Size / / /

(Previous)

Derek Lubangakene

Silence. She hobbles to the draperies. Her Nyalaa apartment overlooks the Northern Flypass. Her face tightens. She turns and looks at me. “Duncan, what have you done?”

She sighs, walks over and unties me. I follow her to the window; down between the tenement blocks, bright lights weave across the glass and brick apartments, police cruisers levitate over the windows and red beams scan every inch through the thick walls. Circling in the air are winged drones securing the perimeter. Droyds storm into buildings with the centrifugal urgency of whirlwinds. In the rustic playground, shouldered by four tenement blocks a row of men—undesirables, I suspect—are lined, teeth to the tarmac, with their arms cuffed behind their backs. A photon-grenade goes off in one of the lower floors, bickering women and screaming children with covered eyes shuffle shuffle with clumsy, heavy missteps into the quadrangle. In their arms they clutch green transit papers. A woman scampers into a dark alleyway between blocks A and D; a drone swoops down and ejects a bolas that slips her ankles and trips her. A moment later a Droyd drags her by her feet to join the men.

From “Transit,” in Imagine Africa 500.

Derek Lubangakene made the cut for the anthology Imagine Africa 500. “Transit” is about a dying future of impotent males and the one child who can get an erection. The far future setting is vividly described; the hero’s mother is a kick-ass villain; things get tense in an action-movie way, and the ending is a neat bit of cliffhanging ambiguity. But feminist it is not.

Derek: “The story was a compressed version of a novel I wanted to write a long time ago but didn’t know how to write it. In the novel I imagined a world where an evil feminist makes some kind of serum that makes every man impotent, but some of them survive.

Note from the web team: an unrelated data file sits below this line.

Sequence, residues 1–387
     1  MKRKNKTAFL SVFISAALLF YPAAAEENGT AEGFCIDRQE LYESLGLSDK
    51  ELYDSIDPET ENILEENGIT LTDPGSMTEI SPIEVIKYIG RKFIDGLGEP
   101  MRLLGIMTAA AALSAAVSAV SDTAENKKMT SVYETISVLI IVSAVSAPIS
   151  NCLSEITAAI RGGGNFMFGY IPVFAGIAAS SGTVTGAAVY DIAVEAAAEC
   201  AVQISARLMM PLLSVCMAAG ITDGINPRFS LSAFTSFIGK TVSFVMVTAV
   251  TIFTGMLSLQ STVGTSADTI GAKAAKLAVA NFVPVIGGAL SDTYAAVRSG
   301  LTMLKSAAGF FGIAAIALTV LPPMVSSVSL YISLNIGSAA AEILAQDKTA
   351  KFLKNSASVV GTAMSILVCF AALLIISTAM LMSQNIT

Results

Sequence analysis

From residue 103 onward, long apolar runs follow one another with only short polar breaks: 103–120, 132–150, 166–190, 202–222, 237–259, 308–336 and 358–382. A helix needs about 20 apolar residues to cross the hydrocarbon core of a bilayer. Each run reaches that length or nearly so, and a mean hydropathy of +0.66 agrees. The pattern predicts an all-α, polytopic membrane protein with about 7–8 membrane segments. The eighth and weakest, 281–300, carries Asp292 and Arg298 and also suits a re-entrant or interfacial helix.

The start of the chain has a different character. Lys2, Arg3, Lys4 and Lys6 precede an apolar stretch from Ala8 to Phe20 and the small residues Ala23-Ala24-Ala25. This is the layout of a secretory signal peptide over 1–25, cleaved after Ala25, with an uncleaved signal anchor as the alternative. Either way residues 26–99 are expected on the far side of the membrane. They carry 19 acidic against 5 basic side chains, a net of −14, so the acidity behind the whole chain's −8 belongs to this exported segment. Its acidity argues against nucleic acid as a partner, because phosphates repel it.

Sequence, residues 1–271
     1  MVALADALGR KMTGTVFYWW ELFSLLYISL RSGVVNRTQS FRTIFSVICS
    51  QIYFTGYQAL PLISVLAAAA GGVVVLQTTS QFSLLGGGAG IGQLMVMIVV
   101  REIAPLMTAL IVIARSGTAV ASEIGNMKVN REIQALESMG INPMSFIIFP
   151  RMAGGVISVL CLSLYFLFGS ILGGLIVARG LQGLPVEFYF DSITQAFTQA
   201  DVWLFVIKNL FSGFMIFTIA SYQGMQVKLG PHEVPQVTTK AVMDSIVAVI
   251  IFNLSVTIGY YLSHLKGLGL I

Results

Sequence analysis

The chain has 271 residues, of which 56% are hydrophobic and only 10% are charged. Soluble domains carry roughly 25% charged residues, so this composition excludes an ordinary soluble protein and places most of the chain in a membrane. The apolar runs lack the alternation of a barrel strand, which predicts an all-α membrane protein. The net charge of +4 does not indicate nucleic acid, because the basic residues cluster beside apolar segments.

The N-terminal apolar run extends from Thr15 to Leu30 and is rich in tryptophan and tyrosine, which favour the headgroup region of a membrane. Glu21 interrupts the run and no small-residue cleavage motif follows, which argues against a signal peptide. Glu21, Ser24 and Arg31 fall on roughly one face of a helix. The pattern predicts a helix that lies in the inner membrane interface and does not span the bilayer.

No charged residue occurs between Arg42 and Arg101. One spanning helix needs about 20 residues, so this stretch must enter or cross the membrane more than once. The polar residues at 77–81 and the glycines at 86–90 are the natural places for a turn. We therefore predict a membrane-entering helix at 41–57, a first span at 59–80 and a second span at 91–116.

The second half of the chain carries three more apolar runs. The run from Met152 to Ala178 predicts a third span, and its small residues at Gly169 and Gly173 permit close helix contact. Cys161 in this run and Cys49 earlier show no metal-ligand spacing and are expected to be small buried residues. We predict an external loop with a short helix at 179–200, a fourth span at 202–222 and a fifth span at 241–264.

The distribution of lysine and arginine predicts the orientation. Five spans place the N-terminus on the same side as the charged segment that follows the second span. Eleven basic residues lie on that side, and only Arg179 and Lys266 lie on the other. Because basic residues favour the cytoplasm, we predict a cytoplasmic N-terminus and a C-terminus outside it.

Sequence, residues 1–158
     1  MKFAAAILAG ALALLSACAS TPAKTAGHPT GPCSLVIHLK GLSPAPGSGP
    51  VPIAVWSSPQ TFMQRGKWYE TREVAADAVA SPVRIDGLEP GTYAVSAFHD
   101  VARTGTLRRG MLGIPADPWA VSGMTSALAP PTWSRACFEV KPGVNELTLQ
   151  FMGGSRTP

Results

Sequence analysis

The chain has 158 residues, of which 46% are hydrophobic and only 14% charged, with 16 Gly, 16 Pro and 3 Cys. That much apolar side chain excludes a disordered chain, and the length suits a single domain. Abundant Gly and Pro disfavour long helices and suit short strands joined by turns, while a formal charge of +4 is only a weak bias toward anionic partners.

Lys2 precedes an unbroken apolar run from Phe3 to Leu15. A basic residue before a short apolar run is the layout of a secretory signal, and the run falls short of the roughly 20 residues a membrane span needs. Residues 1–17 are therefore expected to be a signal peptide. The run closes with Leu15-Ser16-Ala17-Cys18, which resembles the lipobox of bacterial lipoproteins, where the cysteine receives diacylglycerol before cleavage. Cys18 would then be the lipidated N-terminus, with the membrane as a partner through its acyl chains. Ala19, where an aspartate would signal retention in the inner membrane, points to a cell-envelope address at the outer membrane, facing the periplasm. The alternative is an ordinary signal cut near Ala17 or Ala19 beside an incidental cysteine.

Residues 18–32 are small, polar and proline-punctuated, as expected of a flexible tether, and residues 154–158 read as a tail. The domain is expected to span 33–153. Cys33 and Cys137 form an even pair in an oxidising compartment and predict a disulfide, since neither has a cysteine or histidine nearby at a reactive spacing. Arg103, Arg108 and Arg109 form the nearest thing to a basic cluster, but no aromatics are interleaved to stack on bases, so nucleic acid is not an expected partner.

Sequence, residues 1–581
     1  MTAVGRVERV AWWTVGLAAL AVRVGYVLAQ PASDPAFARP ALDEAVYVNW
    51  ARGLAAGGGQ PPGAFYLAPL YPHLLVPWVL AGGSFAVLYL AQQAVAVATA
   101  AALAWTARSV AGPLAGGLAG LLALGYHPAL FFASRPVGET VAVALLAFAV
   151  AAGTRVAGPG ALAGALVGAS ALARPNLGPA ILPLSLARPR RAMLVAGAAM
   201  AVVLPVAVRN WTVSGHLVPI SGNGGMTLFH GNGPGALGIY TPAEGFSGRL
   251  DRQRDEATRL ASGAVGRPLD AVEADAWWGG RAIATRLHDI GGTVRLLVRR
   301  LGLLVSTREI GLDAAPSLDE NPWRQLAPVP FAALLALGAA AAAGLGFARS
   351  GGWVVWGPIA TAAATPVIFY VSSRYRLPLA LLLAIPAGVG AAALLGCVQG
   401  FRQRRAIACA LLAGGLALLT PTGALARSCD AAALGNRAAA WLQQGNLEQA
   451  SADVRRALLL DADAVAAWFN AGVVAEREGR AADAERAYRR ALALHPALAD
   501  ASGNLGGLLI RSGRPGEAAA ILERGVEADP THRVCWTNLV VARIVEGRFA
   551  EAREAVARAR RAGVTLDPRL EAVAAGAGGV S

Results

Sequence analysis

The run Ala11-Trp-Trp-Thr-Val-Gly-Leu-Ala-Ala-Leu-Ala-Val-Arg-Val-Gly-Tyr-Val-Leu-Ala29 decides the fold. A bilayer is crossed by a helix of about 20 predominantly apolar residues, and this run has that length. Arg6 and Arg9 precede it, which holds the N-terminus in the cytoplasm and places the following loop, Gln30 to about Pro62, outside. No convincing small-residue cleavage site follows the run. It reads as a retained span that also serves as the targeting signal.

“The young kid is supposed to be the cure. He has like the first erection in forever. The main character is supposed to take the child to the lab that is trying to create a cure. The kid is supposed to be their hope for it, but the kid is actually bait by the Hegemony.”

The Hegemony are the feminists who have taken over the entire African block. The main character is a rebel; his mother is a leading figure in the government. The Hegemony are using the child to draw out the rebels. I ask Derek—“why evil feminists?”

Derek: “I don’t know; I think when I came up with the idea for the novel that I was not really in touch with what feminism was. I didn’t understand feminism. So I wanted to write a goof about it. It was supposed to be a goof, you know, but the story was supposed to have a redemptive angle in the end. I wanted to write about all the clichés that typical macho men have about feminism but in the end redeem it.”

I trot out my standard line. “You can’t critique stereotypes by showing them, you will only reinforce them” and then ask if he has renounced the evil feminists now.

Derek: “I do. I do. I do redeem them, actually.”

GR: “How do you redeem them?”

Derek: ”That’s what I was going to write in the novel. I didn’t actually get to that. But I actually thought about redeeming them.“

GR: “Do they settle down and be nice little housewives and raise children? Do that and feminists would...”

Derek: “...go berserk.”

GR: “They would critique you.”

We get distracted by a lot of talk about politics and Brexit, and go back to how he got involved with Africa 500. Did he go to the Africa 500 workshops in Malawi?

Derek: “No, no, no. I didn’t go to the workshop. Actually I met Shadreck (Chikoti, publisher of the anthology) when he was here.

“I’m in the same writing group as Dilman (Dila). We usually meet once a month. So Dilman had seen a lot of my fantasy and science fiction stories...so Dilman knew Shadreck and Dilman made the connect. He said, ‘Shadreck, you should talk to this guy as well.’

“We don’t have a name for our group, but we call ourselves Write Club like Fight Club. What happens is that two or three members submit a story but it’s not specifically tied to science or fantasy. Most are mainstream writers. There’s Dilman, and John Quinn who’s not actually around right now. He’s from Scotland but he lives here now.

“Also Beatrice Lamwaka and Sophie Alal. She lives in Kampala but she’s doing an MFA in the UK at Essex University. She writes mainly mainstream, but sometimes she dabbles in SFF. Others in the group are Glaydah Namukasa, Barbara Oketta, and Tim Agaba Baroraho.”

“Most of my stories are fantasy. I’ve submitted to a lot of anthologies actually, but didn’t make the cut. Also to Asimov’s. No feedback, just ‘This wasn’t right for us.’